Large Study Supports Regionalization of Gynecologic Cancer Care
Tampa, FL—Women with gynecologic cancers had significantly better survival when treated at high-volume centers, according to a review of 863,000 cases reported at the 2014 Society of Gynecologic Oncology meeting.
Patients treated at the highest-volume centers had a median survival of more than 1 year longer than that of patients treated at centers with the lowest annual procedural volume (122.7 vs 110.0 months, respectively).
An analysis of individual types of gynecologic cancers yielded significantly better survival at high-volume centers for all but uterine cancer.
“Regionalization of care is already ongoing,” Jeff F. Lin, MD, Gynecologic Oncology Fellow, Magee-Womens Hospital of the University of Pittsburgh Medical Center, PA, and colleagues, concluded in a poster presentation. “Treatment at high-volume centers is associated with improved outcomes even when controlled for age, stage, and comorbidities,” noted Dr Lin and colleagues.
“These data support regionalization of gynecologic cancer care and identify patients who may benefit from transfer to high-volume centers.”
The findings add to existing evidence supporting favorable associations between procedural volume and clinical outcomes. The associations have added implications in light of policy discussions about potential regionalization of healthcare services at specialized centers.
Dr Lin and colleagues sought to determine the characteristics and outcomes of centers that provide care for high volumes of patients with gynecologic cancers. The investigators queried the National Cancer Data Base to identify patients treated for cervical, uterine, ovarian, vaginal, and vulvar cancer from 1998 through 2011. Case volumes were calculated for centers, which were divided into quartiles according to volume.
The principal outcome of interest was estimated overall survival (OS). Univariate and multivariate analyses were performed to identify characteristics associated with procedural volume.
A Large Sample
The analysis comprised 863,156 patients and 1666 centers. Uterine cancer accounted for 427,473 cases, followed by ovarian cancer (215,877), cervical cancer (142,518), vulvar cancer (63,641), and vaginal cancer (13,647).
Dr Lin reported that 64 centers accounted for the highest-volume quartile, followed by 120 in the second quartile, 235 in the third, and 1247 centers in the lowest-volume quartile.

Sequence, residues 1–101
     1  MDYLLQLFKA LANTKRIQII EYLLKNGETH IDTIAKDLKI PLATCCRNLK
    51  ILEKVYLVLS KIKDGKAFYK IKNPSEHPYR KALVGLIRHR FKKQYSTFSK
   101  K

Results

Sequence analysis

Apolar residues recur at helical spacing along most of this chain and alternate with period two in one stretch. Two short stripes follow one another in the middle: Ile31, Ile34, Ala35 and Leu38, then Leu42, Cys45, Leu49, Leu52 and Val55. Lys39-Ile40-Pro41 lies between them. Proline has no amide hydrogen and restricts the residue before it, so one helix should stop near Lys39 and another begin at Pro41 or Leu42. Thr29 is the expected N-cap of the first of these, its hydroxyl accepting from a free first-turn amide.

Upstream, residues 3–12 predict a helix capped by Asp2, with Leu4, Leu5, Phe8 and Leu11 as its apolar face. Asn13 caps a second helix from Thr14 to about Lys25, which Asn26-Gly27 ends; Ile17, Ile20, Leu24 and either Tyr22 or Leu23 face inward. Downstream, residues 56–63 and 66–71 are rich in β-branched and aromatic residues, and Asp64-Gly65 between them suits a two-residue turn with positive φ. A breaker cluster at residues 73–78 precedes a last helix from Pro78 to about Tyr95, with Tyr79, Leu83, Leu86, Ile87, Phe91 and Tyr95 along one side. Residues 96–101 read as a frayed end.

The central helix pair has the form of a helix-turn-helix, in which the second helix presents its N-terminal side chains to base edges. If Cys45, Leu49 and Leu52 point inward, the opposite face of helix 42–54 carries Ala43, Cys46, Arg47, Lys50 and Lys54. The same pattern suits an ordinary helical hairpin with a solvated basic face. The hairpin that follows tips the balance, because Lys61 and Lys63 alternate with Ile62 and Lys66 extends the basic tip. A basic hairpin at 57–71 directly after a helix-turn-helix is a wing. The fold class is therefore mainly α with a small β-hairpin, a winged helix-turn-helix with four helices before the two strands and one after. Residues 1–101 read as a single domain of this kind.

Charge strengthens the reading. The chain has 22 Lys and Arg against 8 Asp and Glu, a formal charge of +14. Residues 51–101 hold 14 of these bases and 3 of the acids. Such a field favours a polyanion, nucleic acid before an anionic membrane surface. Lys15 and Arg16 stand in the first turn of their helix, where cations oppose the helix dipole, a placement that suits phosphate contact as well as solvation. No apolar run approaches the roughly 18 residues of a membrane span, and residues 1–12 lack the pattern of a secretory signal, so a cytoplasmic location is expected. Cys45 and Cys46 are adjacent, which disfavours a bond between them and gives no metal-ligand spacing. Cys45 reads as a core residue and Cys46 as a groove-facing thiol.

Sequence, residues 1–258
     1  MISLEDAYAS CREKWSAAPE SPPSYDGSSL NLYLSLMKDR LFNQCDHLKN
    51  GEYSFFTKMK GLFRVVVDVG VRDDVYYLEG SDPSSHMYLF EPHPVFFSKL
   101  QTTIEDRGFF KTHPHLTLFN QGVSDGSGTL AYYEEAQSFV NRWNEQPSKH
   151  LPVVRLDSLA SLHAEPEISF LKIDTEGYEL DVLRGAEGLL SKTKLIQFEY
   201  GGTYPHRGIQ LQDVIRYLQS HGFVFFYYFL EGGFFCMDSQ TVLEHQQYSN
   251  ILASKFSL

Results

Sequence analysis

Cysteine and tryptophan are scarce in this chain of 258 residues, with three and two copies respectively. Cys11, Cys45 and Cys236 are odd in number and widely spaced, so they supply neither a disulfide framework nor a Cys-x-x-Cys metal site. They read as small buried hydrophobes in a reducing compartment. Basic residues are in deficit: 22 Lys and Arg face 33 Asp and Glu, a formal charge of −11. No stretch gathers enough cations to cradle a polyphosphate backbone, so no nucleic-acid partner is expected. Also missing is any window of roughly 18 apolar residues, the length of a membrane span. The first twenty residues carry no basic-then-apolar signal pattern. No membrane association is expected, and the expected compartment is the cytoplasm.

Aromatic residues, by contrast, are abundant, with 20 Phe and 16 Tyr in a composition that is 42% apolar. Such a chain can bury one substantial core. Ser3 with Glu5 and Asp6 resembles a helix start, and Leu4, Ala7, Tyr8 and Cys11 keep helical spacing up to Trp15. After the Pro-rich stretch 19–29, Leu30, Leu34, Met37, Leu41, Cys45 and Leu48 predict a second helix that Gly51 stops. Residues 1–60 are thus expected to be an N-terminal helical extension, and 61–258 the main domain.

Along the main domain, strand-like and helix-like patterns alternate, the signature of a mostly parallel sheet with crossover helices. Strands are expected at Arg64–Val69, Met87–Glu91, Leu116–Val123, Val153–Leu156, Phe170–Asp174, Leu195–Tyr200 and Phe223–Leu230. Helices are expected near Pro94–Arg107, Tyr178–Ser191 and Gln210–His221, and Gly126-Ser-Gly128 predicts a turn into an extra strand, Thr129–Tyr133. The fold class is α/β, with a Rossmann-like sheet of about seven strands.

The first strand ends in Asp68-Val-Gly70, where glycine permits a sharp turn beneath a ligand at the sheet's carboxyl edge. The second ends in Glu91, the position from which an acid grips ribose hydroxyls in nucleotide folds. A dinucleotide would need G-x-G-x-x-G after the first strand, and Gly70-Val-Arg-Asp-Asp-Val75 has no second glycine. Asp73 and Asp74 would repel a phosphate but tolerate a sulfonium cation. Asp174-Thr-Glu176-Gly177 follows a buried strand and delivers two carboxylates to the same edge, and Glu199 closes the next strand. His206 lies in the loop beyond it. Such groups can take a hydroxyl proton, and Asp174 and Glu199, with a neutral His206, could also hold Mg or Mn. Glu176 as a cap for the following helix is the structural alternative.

Overall, patients treated at the lowest-volume centers had a 10% greater mortality risk compared with patients treated at the highest-volume centers (odds ratio [OR], 1.10; P <.005). Centers in the second and third quartiles also had a higher mortality risk compared with the centers that cared for the most gynecologic oncology patients (OR, 1.02, P = .039; OR, 1.3, P = .009).
In absolute terms, the difference in median OS between the highest and lowest quartiles ranged from 2.3 months for vulvar cancer (136.4 vs 134.1 months) to 34.1 months for vaginal cancer (72.2 vs 38.1 months).
Median OS for patients with cervical cancer was 117.8 months for the highest-volume centers, followed by 114.1, 111.5, and 102.4 months for quartiles 2 through 4 (P <.005).
Patients with ovarian cancer had a median OS of 49.4 months at centers in the top quartile, decreasing to 45.4, 42.7, and 32.5 months as centers’ volume decreased (P <.005).
Survival for patients with uterine cancer varied the least, ranging from 159.7 months in the first quartile to 157.9, 156.0, and 156.2 months in the other quartiles.
For vaginal cancer, the median survival values were 72.2, 69.8, 60.7, and 38.1 months (P <.005). Median survival in patients with vulvar cancer was 136.4 months in the first quartile, 125.6 months in the second, 130.4 months in the third, and 134.1 months in the fourth (P <.005).
Analysis of factors associated with high volume showed that centers in the top quartile were more likely to be academic or research centers. No community oncology program reached the top 2 volume-based quartiles. Higher volume was also associated with patient residence in metropolitan areas, location in the South, and location more than 30 miles from patients.
Patients at the lowest-volume centers were older, lived in higher-income areas, and were more likely to have advanced disease.